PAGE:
Earthworms’ essential gut reactions described in ScienceDaily 4 August 2015 and ABC News in Science 5 August 2015 and Nature Communications doi:10.1038/ncomms8869. Earthworms feed on fallen leaves and other plant detritus that contain large amounts of polyphenols, which are plant chemicals that act as antioxidants and give plants colour, but can inhibit digestive enzymes in plant eating animals. A team of scientists led by Jake Bundy and Manuel Liebeke of Imperial College London have found that earthworms have a group of unique chemical compounds in their digestive systems that counteract the effect of polyphenols. The researchers named the compounds drilodefensins, because earthworms belong to an order of ‘drilo’ invertebrates named Megadriles.
It seems drilodefensins are unique to earthworms. They were found in 14 species of earthworms, but not in similar creatures such as leeches and sewerage worms. The researchers also found that the more polyphenols there were in the earthworms’ diet, the more drilodefensins they produced in their digestive systems. These compounds are essential for earthworms to carry out their “ecosystem engineering” function in the recycling of nutrients into soils.
Jake Bundy explained: “Without drilodefensins, fallen leaves would remain on the surface of the ground for a very long time, building up to a thick layer. Our countryside would be unrecognisable, and the whole system of carbon cycling would be disrupted”.
Editorial Comment: When we were building gardens on the previously barren sandstone soil at our Jurassic Ark Botanical Gardens site, we knew we were getting somewhere when we found worms in the soil. Every gardener knows that worms are a gardener’s best friend for building up good soil.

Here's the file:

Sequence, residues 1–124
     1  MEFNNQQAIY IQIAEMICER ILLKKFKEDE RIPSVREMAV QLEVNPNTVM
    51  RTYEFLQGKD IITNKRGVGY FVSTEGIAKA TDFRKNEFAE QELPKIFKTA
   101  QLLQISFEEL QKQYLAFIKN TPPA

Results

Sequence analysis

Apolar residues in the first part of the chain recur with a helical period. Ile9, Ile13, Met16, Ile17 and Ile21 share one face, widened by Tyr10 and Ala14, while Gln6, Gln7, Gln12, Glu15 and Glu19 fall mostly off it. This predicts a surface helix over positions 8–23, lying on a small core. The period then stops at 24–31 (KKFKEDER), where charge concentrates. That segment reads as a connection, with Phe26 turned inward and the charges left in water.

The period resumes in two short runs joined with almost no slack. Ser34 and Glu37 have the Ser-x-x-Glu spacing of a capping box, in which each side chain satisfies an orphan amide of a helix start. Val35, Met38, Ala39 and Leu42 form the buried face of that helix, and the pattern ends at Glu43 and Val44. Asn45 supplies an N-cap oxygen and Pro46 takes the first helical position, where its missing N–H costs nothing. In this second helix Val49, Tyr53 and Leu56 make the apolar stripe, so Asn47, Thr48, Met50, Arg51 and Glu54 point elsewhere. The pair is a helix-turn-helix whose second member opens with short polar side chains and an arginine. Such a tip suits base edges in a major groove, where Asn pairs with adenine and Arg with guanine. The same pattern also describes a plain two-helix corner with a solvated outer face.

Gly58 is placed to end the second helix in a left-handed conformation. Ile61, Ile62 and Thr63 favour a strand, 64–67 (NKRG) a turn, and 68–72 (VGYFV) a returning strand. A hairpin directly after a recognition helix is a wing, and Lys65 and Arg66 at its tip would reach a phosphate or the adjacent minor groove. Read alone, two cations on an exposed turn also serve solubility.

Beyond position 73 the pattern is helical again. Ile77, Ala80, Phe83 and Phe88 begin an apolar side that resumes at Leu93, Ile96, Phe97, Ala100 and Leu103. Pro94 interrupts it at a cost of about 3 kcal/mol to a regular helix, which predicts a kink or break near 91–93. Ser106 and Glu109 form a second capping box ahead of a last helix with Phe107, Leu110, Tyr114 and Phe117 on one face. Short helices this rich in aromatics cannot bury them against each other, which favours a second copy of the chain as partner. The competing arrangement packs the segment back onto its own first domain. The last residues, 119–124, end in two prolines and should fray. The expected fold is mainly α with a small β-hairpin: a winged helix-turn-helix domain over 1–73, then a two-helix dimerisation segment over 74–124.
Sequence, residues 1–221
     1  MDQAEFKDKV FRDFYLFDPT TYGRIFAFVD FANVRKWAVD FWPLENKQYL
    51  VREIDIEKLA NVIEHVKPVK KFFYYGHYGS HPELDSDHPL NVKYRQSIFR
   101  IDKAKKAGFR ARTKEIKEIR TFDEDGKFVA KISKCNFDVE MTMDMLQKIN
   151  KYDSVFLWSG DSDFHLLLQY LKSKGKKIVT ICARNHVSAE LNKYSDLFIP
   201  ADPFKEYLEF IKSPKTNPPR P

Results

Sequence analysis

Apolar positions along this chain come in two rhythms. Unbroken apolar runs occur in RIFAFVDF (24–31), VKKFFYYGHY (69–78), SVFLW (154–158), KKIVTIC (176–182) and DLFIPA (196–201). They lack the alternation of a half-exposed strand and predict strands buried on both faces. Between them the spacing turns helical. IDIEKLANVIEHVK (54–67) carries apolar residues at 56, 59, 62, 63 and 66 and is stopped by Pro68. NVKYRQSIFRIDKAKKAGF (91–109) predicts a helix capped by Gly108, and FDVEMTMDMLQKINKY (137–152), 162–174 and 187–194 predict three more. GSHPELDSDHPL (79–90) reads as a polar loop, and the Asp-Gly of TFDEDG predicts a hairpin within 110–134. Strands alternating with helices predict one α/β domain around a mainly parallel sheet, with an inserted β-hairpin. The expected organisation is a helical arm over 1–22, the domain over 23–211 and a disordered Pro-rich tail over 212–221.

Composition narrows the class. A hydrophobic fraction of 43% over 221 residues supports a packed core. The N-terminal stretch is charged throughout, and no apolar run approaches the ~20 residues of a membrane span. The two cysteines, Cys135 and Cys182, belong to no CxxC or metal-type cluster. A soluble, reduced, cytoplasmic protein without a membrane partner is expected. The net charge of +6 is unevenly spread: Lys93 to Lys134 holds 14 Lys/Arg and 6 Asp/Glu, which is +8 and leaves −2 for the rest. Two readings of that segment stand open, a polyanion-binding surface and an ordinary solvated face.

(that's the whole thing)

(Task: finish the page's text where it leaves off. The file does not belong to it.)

The fact that earthworms have essential chemical compounds for this function, and they are unique to earthworms, is good evidence that earthworms were designed for this particular function. There are also numerous small insects and other invertebrates, named detritvores, that contribute to this essential function, which is a good reminder of how plants and animals work together as part of an integrated system.
Such essential interactions between plants and animals teach us that a functioning ecosystem needs all its components to even get started. It cannot evolve gradually over millions of years. Creation in six days by the God who gave each creature its essential functional components ready to contribute to a fully functioning ecosystem, makes much more sense. Even with the destruction of Noah’s flood, these micro systems would have been preserved in the biological soup of the flood waters and floating micro-biomats. (Ref. annelids, invertebrates, eclogy, recycling)
Evidence News vol. 15, No. 14
12 August 2015
Creation Research Australia